son changed U.S. law. And how 30 years later,
I was suddenly 10,000 clams happier.
The Asian Reporter’s
Expanding America Lexicon
Admiral Zheng He (A Muslim Han, born Ma
He. 1371-1433): Early Ming Dynasty court
officer and diplomat. Admiral of seven Imperial
Chinese treasure fleets, of hundreds of naval and
commercial vessels, sailing about a century
ahead of Columbus. Flagship rudders were as tall
as the Santa Maria was long.
Al’hamdulillah (Arabic): All praise be to
Ampun’illaah (Indo patois from Koranic
Arabic): Oh God have mercy.
Anak (Bahasa Indonesia): Child.
Compassionate Buddha: In the Buddhist
religious tradition and for neighboring
populations recipient of Mother India’s
enormous cultural largesse, reference to a
historical figure (a prince turned teacher and
spiritual leader) and to an Enlightened being who
freed himself, and by example offers liberation
from human suffering to others.
de rigueur (French): Rigorously held custom
Djalan (Bahasa Indonesia): Street. Passage.
Elder aunties (Spanish: Abuelas): Need not
be an auntie, grandma, or ancestor in your family.
Affectionate form of address for a recipient of
Hati-hati (Indo patois): Look-look! Watch
Joh (Indo patois, from Portuguese sinho or
Spanish señor): Address for an educated boy of
European local racial mix. Like me.
Krontjong (Or Javindo): Language or culture
of mixed European local ethnic communities.
Like our familia.
Lord Shiva (Sanskrit, Pali): In the Hindu
religious tradition and in neighboring popula-
tions recipient of Mother India’s enormous
cultural largesse, the deification of universal
disintegration (Lord Shiva, the Destroyer)
coexistent in exact and equal concert with
universal integration (Lord Vishnu, the
Dreamer). From this dialectic comes Louis
Armstrong’s “What a Wonderful World.”
Modern physics too.
Orang (Bahasa Indonesia): Man. Person. As
in: Orang-u-tan (man of the forest).
Peace be upon him (Arabic: Alayhi al’salam):
Recitation offered by respectful people after the
names of revered prophets.
(Arabic): To those faithful, and those populations
recipient of Islam’s enormous cultural largesse,
the last Messenger of God. Also, a historical
figure uniting and organizing the original Islamic
Two hastily packed bags: Reference to
untrue popular narrative that immigrants “come
here with nothing.” In truth, we arrive with
boatloads of social and spiritual capital, of the
kind America longs for. With priceless New
American optimism too.
Viet Chin (Vietnamese, Chinese): Ethnic
Chinese of Viet Nam, or a person who’s a blend
of these two racial/ethnic communities.
Woman in a white cotton blouse: Reference
to Malayalee lawyer sitting across all that rain
and chill, who, without knowing so,
contextualized a lot of the craziness I had simply
adapted to. Terima kasih, nonya manis — I offer
our love, dear lady.
Celebrate the Year of the Monkey!
February 8, 2016 to January 27, 2017
Read our special Lunar New Year edition online at <www.asianreporter.com>.
heart,” said Geer, citing another
Matthews-produced work, the Franco
Harris Immaculate Reception plaque
displayed near Heinz Field. A copy is kept
on the premises.
When Tsuchiya arrives with the clay
images of Piazza and Griffey, he will meet
with sculpting coordinator Jason Herniak
to go over the likeness as it conforms to the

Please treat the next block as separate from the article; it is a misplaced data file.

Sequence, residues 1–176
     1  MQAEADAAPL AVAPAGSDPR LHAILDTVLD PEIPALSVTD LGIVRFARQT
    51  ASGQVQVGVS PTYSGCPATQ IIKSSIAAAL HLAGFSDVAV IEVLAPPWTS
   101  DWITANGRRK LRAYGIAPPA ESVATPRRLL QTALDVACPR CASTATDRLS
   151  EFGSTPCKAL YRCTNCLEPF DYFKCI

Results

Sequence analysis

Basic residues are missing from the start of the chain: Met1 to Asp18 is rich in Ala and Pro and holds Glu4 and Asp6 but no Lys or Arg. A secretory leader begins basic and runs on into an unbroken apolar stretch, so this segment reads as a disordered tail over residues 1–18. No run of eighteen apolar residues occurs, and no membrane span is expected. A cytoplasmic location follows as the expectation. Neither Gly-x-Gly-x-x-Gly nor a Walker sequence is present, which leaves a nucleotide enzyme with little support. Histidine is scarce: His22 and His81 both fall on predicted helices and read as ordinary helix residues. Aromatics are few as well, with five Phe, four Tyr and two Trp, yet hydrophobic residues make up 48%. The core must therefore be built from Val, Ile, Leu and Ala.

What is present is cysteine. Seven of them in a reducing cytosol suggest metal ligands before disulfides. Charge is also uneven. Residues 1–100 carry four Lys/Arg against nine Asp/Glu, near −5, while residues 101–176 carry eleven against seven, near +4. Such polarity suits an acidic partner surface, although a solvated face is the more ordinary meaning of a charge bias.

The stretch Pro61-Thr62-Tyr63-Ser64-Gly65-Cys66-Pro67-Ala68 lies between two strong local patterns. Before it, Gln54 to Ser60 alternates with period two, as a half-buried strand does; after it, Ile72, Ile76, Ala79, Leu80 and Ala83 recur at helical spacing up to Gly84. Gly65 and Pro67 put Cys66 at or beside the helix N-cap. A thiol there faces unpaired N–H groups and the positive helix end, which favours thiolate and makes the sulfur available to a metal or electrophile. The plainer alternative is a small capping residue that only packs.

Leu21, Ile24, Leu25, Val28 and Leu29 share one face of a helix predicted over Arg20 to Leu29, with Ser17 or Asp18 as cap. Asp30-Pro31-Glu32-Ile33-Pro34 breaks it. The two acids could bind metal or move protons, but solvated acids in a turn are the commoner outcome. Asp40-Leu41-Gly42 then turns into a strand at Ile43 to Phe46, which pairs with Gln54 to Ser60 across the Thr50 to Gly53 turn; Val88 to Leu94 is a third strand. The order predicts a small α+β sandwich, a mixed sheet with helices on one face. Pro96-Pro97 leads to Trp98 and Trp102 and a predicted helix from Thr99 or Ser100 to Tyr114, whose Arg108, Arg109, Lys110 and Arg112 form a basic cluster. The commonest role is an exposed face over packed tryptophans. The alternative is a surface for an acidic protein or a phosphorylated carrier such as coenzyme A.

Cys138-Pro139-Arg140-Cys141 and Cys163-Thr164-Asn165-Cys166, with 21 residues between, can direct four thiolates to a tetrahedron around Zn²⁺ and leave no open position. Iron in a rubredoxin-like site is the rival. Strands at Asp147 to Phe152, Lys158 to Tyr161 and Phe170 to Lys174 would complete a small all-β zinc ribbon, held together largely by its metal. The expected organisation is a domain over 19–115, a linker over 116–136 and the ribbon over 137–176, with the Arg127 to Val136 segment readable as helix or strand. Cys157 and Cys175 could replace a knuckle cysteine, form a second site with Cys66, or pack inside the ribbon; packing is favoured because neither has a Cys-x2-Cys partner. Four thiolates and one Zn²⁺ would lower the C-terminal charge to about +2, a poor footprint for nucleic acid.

Hall’s specifications. Herniak also
provides Hall of Fame inductees
reduced-scale replicas of their plaques. He
showed the models from last year’s class in
unfinished form. Among the four was
Braves pitcher John Smoltz.
“That one bugged me,” Herniak
admitted. “When I was in high school, who
was beating the Pirates all the time? John
In the foundry, the clay sculptures are
buried face up in sand that will be cured
and hardened to form the molds. Molten
bronze, 2,150 degrees, emerges from the
furnace via a pouring crane into a crucible
and is poured into flasks containing the
molds, its orange glow turning an ominous
After the plaques harden and are
removed, Tsuchiya and Doug Wood, a
tooler and finishing specialist — the
equivalent of a closer — go over all
dimensions of the plaque before it is
marked ready for Cooperstown. Wood
ticked off the final tasks — square it up,
get the sides even, make sure it sits flat,
drill holes for mounting, go over all letters
and emblems, ensure correct punctuation
and spelling, sandblast and paint, and
highlight to get just the right shadings.
Wood, who has a dry, sardonic air about
him and a long beard, was asked if he looks
forward to the time of year when he helps
make the plaques.
“Absolutely,” he said. “We’re the only
ones that do it.”
Bob Cohn is a staff writer for the Tribune-Review.
NYC exhibit to open
on Japan earthquake
NEW YORK (AP) — An exhibit opening
in New York City on the fifth anniversary
of Japan’s earthquake and tsunami
features photographs, video, and other
artworks in response to the tragedy.
“In the Wake: Japanese Photographers
Respond to 3/11” opens March 11 at the
Japan Society Gallery and runs through
Also on view, for the first time in New
York, is a room-sized installation dedi-
cated to a project by Munemasa Taka-
hashi. The artist recovered more than
750,000 personal photos from the debris,
identifying and returning tens of
thousands of them to their owners. About
1,000 are part of his installation.
Yoko Ono’s ongoing art installation,
“Wish Tree,” also is part of the display. It
invites visitors to fasten a white tag
bearing their wishes for the world’s future
to an apple tree.
To learn more, visit <www.japan